"Hosted in partnership with Writing East Midlands, the University of Lincoln and Threshold Studios, this is a powerful and provocative day of discovery, insight and debate: looking at the future of writing and publishing and arming you with the pervasive opportunities and challenges that ‘digital’ provides in this ever-changing world."
For more information check out the events page on

Monday, 10 October 2011

Why do you write?

It's the birthday of novelist R.K. Narayan, born in what is now Chennai, India (1906). He said: "Everyone thinks he's a writer with a mission. Myself, absolutely not. I write only because I'm interested in a type of character and I'm amused mostly by the seriousness with which each man takes himself."

I've decided I write because I get these people sitting in my head, asking me to tell their stories.  Whether they get published or not seems irrelevant.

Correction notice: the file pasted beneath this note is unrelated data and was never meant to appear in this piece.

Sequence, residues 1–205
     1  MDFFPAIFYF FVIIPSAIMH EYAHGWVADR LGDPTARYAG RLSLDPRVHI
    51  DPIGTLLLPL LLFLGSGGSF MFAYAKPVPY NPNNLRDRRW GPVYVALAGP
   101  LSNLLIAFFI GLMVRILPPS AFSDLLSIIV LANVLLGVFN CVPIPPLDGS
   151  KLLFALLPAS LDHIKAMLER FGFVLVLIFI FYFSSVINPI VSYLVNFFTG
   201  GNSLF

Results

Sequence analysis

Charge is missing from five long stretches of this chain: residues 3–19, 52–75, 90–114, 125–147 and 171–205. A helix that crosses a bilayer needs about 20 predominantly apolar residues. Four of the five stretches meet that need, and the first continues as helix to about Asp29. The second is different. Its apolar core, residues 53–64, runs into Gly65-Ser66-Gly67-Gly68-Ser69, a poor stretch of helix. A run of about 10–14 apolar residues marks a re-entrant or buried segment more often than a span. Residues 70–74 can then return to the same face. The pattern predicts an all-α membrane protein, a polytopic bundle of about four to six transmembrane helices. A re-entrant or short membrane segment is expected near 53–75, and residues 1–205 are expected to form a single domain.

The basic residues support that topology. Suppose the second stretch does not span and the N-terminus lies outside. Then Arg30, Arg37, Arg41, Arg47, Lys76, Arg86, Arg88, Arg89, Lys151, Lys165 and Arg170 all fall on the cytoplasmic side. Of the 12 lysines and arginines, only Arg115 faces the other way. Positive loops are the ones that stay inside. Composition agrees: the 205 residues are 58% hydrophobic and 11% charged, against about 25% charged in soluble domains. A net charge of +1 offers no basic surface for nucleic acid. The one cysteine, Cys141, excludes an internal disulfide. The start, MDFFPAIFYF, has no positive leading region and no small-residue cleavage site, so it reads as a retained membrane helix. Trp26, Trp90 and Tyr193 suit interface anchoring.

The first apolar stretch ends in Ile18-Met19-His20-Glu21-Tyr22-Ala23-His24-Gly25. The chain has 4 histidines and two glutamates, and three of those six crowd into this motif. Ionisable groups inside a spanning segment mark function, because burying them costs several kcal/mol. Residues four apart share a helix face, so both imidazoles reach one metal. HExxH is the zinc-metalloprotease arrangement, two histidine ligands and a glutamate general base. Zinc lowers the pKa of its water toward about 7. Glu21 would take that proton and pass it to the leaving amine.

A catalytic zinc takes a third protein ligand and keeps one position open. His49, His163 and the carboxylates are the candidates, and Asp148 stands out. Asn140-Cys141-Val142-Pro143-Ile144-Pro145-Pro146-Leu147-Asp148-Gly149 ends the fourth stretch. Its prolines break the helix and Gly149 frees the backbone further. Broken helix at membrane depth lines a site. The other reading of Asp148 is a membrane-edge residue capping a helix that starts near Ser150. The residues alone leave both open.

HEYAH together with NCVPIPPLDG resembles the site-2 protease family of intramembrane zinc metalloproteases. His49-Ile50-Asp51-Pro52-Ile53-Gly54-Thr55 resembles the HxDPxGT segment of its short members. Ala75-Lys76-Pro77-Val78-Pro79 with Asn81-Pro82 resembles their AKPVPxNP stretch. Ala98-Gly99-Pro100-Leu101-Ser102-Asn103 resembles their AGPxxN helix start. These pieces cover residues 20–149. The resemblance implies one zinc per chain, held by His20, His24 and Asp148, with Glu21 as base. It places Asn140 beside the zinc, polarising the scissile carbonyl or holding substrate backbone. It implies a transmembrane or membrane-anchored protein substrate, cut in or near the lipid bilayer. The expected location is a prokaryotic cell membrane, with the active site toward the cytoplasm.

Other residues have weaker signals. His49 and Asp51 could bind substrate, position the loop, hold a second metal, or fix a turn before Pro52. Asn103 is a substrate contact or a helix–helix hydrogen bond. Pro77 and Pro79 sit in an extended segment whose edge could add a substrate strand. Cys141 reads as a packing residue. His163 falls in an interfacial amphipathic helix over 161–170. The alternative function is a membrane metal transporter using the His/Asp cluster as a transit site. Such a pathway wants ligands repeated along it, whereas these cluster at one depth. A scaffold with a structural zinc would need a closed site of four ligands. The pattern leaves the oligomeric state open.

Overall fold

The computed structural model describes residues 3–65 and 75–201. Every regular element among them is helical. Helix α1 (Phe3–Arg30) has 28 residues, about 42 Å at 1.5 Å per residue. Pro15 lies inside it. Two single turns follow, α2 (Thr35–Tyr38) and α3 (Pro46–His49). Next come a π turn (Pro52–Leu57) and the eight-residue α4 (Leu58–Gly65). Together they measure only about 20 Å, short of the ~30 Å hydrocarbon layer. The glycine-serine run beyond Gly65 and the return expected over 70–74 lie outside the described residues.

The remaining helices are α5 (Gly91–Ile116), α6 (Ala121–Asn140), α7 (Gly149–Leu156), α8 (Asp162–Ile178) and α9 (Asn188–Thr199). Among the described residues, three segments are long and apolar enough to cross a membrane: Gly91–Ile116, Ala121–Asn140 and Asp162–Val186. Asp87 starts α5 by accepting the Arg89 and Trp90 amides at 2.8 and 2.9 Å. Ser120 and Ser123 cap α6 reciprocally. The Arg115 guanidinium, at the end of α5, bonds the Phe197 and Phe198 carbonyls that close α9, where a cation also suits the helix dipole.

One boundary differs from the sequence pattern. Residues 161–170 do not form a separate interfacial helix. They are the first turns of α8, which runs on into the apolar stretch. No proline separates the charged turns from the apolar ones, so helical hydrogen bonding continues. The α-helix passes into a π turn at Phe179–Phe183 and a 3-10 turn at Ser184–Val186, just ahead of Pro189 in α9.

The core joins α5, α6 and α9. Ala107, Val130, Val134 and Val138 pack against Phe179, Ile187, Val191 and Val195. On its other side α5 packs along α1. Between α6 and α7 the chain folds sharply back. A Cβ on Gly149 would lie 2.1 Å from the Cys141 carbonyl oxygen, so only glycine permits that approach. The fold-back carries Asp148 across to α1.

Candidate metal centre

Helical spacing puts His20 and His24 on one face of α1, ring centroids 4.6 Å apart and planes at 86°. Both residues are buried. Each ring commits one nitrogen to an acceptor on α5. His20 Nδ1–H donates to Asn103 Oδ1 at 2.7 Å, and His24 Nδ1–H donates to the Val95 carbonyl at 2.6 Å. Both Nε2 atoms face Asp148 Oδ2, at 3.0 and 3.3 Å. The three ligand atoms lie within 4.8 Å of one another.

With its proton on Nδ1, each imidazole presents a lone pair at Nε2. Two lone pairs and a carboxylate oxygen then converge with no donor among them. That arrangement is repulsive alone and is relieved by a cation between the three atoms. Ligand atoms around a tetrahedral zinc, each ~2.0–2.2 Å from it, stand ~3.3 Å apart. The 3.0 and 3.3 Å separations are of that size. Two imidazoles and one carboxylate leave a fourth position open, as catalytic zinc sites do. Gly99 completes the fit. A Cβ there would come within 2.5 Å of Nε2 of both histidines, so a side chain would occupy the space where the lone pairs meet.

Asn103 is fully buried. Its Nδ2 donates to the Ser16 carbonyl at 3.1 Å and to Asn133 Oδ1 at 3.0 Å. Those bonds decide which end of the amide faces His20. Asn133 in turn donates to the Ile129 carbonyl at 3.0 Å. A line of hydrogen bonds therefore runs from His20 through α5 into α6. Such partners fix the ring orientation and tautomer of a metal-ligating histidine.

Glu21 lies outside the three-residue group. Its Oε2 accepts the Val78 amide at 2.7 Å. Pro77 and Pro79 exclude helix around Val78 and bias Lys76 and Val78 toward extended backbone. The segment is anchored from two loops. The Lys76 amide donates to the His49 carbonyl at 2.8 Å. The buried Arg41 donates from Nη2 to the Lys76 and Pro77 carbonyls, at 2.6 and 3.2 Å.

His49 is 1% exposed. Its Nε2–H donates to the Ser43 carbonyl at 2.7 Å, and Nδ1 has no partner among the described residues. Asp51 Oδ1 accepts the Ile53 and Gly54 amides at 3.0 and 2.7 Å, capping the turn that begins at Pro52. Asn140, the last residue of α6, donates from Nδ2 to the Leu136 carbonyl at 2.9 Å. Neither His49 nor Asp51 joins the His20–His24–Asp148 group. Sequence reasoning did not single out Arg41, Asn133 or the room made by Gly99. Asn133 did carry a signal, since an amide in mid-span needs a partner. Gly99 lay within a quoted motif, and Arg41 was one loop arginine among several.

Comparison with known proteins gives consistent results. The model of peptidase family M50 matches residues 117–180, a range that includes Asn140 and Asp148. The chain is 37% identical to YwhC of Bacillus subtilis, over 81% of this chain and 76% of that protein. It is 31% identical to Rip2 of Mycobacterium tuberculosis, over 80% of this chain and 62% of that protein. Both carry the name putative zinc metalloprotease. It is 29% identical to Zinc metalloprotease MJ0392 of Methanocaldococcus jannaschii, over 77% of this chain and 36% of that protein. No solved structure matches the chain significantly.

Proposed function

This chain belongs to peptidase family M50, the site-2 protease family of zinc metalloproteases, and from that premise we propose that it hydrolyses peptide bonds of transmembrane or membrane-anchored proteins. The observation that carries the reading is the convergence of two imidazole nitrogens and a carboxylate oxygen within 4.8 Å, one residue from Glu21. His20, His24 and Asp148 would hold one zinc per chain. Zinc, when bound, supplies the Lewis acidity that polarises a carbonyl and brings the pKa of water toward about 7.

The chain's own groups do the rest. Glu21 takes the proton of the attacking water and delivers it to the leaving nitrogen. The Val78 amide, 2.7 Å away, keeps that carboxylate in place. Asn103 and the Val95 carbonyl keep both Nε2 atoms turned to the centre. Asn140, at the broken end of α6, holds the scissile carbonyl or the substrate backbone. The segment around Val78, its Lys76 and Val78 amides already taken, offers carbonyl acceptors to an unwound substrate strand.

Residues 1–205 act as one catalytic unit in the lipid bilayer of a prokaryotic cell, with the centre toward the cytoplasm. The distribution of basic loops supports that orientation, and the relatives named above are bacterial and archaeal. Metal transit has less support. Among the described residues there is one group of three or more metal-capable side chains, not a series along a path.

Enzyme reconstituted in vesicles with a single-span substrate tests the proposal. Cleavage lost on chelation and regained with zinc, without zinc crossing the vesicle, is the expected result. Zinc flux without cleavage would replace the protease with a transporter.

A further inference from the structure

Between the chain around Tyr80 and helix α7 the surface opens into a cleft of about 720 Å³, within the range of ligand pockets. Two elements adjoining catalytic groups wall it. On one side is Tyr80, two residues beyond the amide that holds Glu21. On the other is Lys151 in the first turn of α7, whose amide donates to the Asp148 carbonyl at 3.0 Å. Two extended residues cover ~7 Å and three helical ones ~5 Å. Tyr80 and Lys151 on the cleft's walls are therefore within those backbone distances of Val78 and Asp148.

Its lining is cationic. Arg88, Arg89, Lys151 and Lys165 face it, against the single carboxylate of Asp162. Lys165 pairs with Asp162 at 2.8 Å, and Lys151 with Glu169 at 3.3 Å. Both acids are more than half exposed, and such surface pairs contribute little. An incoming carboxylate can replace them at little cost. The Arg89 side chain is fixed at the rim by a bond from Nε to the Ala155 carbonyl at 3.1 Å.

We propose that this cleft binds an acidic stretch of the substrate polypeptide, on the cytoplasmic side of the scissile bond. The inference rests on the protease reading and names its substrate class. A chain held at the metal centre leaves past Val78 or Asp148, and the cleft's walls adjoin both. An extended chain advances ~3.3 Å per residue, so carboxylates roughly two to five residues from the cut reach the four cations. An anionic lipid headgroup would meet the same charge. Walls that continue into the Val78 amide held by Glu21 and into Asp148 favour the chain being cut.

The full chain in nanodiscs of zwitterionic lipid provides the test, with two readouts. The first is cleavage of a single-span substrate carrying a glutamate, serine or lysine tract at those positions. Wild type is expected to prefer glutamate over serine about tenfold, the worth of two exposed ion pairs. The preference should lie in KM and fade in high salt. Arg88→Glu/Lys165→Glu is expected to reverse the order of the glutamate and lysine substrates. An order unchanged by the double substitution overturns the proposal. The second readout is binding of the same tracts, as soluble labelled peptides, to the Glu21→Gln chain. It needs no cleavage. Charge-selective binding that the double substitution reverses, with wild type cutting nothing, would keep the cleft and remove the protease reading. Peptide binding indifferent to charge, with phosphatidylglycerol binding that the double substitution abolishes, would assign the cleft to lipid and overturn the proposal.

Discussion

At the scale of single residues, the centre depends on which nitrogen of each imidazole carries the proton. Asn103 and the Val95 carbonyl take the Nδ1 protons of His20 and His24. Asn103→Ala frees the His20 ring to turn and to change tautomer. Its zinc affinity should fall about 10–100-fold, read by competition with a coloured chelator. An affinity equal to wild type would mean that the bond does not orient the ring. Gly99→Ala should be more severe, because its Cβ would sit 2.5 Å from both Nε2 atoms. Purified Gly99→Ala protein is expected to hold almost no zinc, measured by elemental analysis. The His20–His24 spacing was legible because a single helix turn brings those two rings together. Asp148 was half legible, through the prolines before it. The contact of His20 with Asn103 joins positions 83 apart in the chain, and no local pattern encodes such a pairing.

Wednesday, 5 October 2011

What authors have to do today

Enjoyed a searching discussion with Sarah Dale today about how to create interest and sales in self published books.  Thank goodness we're not as reliant on mainstream publishers these days for allowing our work to find a wider audience.  There are so many options and so many avenues to go down that might bring you the right kind of readers.

What concerns us though is the sheer effort needed to create successful social media campaigns.  I salute Sarah for her determination for the way she's tackled it and for the network she's steadily building.  But as with all activities it seems to her one step forward, several back.  In the thick of it she doesn't have the distance to observe just how much she's achieved since last year when she and I first sat together and talked about her beginning to write the book.